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Minimizing Risks of Litigation Against Your Business

Written by: on March 13, 2015 | Category: Blog | Tags:

As a business owner, your primary focus is meeting the needs and expectation of your customers. In an economy where profit margins are slender, you may find yourself anxious to agree to the requests of your customers, whatever those requests may be.   However, it is precisely during these times that litigation is a serious threat to the viability of a business. Accordingly, minimizing the risks of litigation becomes imperative.

To maintain harmony between your business and your customers, the time is now to review and implement well drafted sales/services contracts, enact and implement record retention practices, adopt risk management policies and procedures, and review your insurance coverage. Annual reviews of these documents are essential. A solid contract that lays out the expectations and requirements of both you and your customer will often eliminate misunderstandings on both sides that may lead to future litigation. Silence on any material issue creates a high risk for misunderstanding and later dissatisfaction of a customer. Moreover, alternatives to litigation, such as mediation, can be cost effective, but should be clearly stated in any contract between you and your customer. Litigation is often costly, but the risks of litigation can be minimized through appropriate early planning.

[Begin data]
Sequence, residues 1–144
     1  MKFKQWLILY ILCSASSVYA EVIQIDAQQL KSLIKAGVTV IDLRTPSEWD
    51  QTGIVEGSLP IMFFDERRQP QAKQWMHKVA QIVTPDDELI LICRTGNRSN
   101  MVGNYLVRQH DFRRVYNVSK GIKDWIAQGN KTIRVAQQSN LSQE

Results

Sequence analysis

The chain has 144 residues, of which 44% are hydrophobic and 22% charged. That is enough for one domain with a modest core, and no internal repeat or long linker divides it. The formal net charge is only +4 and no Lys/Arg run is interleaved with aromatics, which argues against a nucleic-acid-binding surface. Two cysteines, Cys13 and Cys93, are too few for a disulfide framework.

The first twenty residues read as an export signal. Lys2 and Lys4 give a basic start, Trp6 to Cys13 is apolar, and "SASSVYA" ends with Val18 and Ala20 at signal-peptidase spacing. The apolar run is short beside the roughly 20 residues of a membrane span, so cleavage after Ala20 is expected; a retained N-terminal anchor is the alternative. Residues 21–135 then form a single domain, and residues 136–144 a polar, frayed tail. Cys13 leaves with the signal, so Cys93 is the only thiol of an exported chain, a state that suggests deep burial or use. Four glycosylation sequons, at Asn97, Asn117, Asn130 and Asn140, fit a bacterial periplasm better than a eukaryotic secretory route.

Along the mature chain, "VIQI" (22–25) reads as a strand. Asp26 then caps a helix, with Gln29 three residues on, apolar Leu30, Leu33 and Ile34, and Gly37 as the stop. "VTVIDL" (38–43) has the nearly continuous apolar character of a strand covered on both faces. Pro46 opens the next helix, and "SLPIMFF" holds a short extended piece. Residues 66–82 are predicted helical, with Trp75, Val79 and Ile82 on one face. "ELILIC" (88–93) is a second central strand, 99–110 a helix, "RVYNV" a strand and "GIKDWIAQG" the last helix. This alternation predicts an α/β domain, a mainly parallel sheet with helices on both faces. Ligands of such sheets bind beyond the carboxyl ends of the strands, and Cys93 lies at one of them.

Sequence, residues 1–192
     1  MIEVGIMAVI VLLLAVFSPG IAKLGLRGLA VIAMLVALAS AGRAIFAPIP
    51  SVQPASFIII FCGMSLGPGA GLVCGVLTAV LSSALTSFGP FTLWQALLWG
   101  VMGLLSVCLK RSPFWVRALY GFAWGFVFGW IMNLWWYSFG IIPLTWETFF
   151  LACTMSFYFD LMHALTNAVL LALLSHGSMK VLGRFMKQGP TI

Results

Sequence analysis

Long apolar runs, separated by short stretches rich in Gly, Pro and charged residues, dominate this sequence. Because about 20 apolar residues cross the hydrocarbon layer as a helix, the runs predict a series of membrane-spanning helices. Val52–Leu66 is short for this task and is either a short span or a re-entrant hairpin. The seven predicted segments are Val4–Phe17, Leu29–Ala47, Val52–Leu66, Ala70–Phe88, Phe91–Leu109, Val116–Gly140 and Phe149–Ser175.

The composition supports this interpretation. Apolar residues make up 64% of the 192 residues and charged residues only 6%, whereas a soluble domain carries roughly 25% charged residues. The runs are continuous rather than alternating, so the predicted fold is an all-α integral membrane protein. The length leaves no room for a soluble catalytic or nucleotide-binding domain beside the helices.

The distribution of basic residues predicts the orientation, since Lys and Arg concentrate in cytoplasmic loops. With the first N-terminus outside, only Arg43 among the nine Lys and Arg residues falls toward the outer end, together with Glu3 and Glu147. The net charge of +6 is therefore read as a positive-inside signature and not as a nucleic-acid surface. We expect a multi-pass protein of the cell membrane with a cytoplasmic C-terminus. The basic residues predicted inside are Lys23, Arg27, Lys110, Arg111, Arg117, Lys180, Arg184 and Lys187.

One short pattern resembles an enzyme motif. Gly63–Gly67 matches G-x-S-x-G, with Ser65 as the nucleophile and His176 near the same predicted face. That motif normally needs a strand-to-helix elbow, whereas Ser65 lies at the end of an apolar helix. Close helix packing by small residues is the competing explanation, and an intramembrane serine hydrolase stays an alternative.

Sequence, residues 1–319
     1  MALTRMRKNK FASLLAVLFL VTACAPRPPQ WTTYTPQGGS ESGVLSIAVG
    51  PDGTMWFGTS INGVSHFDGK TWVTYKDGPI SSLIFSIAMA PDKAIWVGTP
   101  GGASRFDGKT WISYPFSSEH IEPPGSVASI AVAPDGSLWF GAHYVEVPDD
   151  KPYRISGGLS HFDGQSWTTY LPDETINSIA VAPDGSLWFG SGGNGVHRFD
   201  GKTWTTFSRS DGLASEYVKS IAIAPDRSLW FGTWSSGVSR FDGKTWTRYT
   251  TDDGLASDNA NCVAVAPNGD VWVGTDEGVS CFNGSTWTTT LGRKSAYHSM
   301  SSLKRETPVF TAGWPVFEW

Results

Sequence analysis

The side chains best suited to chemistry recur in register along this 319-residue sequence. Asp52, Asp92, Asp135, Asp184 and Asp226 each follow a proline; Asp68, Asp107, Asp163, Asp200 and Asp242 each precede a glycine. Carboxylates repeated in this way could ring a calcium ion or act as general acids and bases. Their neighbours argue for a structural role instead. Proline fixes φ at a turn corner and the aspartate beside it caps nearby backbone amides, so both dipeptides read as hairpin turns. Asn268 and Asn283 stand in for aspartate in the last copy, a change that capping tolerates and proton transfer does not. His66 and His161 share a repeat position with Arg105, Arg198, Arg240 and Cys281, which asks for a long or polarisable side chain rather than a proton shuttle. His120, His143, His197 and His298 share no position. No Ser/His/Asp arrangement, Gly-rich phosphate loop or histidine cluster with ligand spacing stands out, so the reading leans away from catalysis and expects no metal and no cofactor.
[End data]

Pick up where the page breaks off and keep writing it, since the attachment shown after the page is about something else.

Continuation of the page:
Attorney Kimberly Krupka is a focused litigator, representing individuals and businesses before Pennsylvania State and Federal courts, as well as administrative agencies and local municipalities. As a member of the Medical Malpractice Defense group, she represents medical professionals and large hospitals and health networks in patient care matters and has extensive experience working with in-house Risk Managers and insurance personnel to efficiently investigate claims.  Kimberly likewise routinely represents corporations and individuals in a comprehensive range of civil litigation issues, ranging from negligence actions to contractual employment disputes.

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